Three years after construction began, a gleaming new A building at Berkeley High opened to students at the beginning of the spring semester. The Berkeley Community Theater is slated to open sometime this year.
The theater, which once hosted bands like the Grateful Dead and Led Zeppelin, has been seismically retrofitted, renovated and made accessible for people with disabilities. Many of the renovations happened on the stage itself or backstage, rather than in the front of the house. It is expected to reopen either late this spring or by the start of the next year school year.
In the A Building, home to visual and performing arts on campus, students are already taking classes like sound design and rehearsing for the BHS Jazz Band in the modern space.
The project to renovate the A Building broke ground just before March 2020. It cost $60 million to renovate the building and the theater. It was paid for with Measure I, a 10-year, $210 million facilities bond that passed in 2010.
In addition to the arts, many of the classes in the A Building also belong to the high school’s career and technical education program, which prepares students for jobs with concrete skills in courses like fire science. The renovation will bolster the program’s offerings in the arts.
“In the best of circumstances, 40% of our graduates have four-year degrees, six or seven years out,” said Wyn Skeels, who supervises the career and technical education program at BUSD. “What are we offering the other 60% of our students?”
Last Thursday, students in Amanda Marini’s video production class walked around the building in pairs, experimenting with the new microphones and audio recorders. Many of the students were girls, a change that Marini found inspiring.
“I didn’t feel comfortable going into the [film] industry when when I was that age,” Marini said. In the past, her film theory classes have been majority boys, but she is noticing that changing with classes like video production, which are offered through the international baccalaureate program. “To know that it’s shifting and that more girls can have access is heartwarming.”
Down the hall, students were filing into Sakima Williams’s sound design class, pulling state-of-the-art equipment like audio interface machines out from lockers that lined the wall. “It’s so much more than just making beats with keyboards,” said Williams, who infuses his lessons with music theory and history.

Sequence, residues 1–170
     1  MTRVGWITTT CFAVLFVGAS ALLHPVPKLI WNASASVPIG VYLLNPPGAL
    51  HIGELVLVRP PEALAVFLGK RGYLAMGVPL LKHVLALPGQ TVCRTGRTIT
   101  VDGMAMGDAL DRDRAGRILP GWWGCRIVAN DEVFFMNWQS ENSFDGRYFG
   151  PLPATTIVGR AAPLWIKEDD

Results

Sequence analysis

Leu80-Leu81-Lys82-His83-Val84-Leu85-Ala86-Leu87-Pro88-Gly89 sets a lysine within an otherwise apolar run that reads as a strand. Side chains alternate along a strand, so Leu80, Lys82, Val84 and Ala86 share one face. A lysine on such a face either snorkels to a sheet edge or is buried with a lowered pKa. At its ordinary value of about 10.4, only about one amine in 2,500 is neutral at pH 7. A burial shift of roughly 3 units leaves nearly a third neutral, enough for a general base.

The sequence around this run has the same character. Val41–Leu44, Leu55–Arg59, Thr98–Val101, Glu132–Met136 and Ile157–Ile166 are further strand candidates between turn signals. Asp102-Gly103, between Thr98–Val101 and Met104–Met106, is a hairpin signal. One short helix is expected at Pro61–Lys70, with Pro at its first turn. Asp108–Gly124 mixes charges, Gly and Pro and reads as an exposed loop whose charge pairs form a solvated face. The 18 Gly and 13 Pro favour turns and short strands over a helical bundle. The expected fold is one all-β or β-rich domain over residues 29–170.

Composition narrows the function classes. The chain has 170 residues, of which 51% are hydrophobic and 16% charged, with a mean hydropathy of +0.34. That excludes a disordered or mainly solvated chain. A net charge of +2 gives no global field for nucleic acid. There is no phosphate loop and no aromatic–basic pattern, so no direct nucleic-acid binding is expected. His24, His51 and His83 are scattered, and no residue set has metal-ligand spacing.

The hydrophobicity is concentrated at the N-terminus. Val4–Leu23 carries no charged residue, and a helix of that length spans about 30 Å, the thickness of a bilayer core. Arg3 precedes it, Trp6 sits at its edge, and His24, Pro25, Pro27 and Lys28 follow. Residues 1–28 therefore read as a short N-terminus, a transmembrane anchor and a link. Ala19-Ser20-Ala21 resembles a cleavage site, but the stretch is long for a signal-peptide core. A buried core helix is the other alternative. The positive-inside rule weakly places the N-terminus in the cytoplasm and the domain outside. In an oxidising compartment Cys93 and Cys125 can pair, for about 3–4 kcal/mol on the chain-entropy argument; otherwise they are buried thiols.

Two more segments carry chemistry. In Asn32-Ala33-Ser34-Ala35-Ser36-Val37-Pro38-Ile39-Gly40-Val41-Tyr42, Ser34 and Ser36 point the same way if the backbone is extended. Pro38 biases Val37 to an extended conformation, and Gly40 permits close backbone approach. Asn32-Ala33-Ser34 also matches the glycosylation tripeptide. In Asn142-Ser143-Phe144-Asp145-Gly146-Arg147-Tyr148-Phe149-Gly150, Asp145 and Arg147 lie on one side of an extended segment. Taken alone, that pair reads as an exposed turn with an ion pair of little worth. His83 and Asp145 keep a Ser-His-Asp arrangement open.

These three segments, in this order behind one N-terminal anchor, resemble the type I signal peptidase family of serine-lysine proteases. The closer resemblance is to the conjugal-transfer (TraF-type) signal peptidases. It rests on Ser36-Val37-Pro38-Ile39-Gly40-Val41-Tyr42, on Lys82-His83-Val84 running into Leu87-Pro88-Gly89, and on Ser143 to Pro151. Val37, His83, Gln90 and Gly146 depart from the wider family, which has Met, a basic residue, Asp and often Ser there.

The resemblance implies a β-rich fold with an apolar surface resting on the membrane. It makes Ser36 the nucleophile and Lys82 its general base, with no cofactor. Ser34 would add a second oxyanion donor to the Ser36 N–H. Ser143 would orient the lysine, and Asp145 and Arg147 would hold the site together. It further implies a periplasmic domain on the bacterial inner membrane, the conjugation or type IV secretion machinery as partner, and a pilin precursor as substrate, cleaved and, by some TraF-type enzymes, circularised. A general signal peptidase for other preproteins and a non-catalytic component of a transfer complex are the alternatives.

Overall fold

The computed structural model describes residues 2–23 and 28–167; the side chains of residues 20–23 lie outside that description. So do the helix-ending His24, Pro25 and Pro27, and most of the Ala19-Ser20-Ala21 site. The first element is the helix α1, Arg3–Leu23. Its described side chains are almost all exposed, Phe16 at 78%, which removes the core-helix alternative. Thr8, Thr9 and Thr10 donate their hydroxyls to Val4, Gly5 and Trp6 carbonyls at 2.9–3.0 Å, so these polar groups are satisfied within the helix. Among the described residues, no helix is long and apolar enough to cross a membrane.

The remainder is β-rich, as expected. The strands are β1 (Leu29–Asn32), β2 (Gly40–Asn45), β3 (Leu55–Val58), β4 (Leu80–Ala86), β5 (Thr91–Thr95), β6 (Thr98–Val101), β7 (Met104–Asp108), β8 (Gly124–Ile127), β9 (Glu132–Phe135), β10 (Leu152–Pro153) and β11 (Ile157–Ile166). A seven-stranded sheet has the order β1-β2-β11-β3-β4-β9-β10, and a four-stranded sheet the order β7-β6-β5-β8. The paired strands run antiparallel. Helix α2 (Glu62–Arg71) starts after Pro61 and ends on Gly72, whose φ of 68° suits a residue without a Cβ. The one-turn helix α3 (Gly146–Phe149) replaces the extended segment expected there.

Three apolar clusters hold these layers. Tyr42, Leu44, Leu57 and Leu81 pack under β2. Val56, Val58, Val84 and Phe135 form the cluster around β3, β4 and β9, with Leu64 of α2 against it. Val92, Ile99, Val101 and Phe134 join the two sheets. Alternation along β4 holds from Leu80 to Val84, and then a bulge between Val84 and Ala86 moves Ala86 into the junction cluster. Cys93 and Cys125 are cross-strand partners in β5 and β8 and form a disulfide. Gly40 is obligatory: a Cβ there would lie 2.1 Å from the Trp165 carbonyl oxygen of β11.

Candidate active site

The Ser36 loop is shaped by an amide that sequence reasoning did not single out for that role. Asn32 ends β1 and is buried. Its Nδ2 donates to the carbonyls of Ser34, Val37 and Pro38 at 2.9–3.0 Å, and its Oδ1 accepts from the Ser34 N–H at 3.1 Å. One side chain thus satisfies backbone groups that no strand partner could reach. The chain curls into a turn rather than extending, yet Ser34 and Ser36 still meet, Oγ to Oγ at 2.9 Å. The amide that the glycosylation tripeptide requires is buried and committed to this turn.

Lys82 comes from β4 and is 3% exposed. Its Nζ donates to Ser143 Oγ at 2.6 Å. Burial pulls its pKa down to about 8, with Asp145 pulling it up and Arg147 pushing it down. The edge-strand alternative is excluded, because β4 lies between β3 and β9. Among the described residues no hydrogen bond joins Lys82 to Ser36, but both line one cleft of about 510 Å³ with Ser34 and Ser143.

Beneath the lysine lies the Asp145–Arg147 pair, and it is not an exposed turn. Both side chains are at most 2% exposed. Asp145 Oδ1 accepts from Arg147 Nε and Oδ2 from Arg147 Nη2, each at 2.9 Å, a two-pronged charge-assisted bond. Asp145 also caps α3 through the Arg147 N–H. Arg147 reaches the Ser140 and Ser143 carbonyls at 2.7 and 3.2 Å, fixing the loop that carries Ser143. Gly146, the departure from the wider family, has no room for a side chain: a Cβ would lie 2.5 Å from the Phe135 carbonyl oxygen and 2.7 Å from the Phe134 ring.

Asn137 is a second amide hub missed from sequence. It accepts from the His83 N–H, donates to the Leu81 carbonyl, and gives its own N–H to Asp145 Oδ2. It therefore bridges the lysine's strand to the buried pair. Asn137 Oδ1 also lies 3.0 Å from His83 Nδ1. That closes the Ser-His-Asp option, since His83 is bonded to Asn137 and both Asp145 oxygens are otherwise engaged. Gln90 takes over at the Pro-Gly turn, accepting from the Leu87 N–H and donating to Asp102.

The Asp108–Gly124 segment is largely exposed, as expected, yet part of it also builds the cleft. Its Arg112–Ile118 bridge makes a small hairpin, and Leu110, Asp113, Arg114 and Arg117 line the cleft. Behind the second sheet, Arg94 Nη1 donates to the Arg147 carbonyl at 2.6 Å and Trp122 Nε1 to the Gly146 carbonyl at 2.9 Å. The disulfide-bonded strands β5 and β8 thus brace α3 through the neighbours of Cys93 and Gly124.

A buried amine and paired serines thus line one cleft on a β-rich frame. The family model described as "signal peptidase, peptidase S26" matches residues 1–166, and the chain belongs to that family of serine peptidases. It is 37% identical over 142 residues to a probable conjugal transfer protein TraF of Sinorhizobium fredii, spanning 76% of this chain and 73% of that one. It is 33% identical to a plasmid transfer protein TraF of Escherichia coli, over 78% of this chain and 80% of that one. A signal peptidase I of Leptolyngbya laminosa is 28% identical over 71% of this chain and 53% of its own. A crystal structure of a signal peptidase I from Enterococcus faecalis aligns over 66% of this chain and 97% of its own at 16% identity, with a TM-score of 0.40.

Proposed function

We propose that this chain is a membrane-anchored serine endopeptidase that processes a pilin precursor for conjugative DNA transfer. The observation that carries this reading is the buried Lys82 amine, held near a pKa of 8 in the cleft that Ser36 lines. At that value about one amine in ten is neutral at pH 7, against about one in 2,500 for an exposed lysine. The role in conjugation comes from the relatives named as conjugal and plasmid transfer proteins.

In addition to working as a teacher and counselor, Williams is also a musician and produces for local Bay Area artists. Recently, his students toured the middle schools, sharing the beats they had designed in Williams’ class.
The walls of the A Building are decorated with murals of Berkeley High graduates in the arts, including a portrait of Daveed Diggs, who is famous for his Broadway performance in Hamilton.
Three flights of stairs up, students in the Berkeley High Jazz Band were practicing for an upcoming show. Down the hall, brand new booths sat waiting for students to practice individually or in small groups. There is also a black box theater that students are already using.
“I’m excited about kids in the performing arts being in a space that they deserve,” said Harrison Blatt, vice principal of the visual and performing arts school at BHS. “I’m excited for the collaboration that can happen now that everybody’s in one space.”
The renovation is a long time coming. Before construction began, there were years of discussions about what should be included in the bond and in the project itself. “I just remember all of the endless meetings to plan it,” said Stephanie Allan, a parent of a Berkeley High graduate who has worked on every BUSD facilities bond since 1990.
Parts of the building are still in progress. On the first floor, a room that will house the stagecraft program sat accumulating materials like saws and laser cutters. By next school year, students will be able to use a host of industry-standard tools to design sets for BHS productions.
“You’re not just thinking about what it might look like. You actually get to engage, create design, iterate your design, and then realize it in 3D, and then actually do the work,” Skeels said. “It’s a learning laboratory for students.”
Correction: A previous version of this article misstated the funds Measure I brought in to BUSD. It was $210 million, not $2.1 million.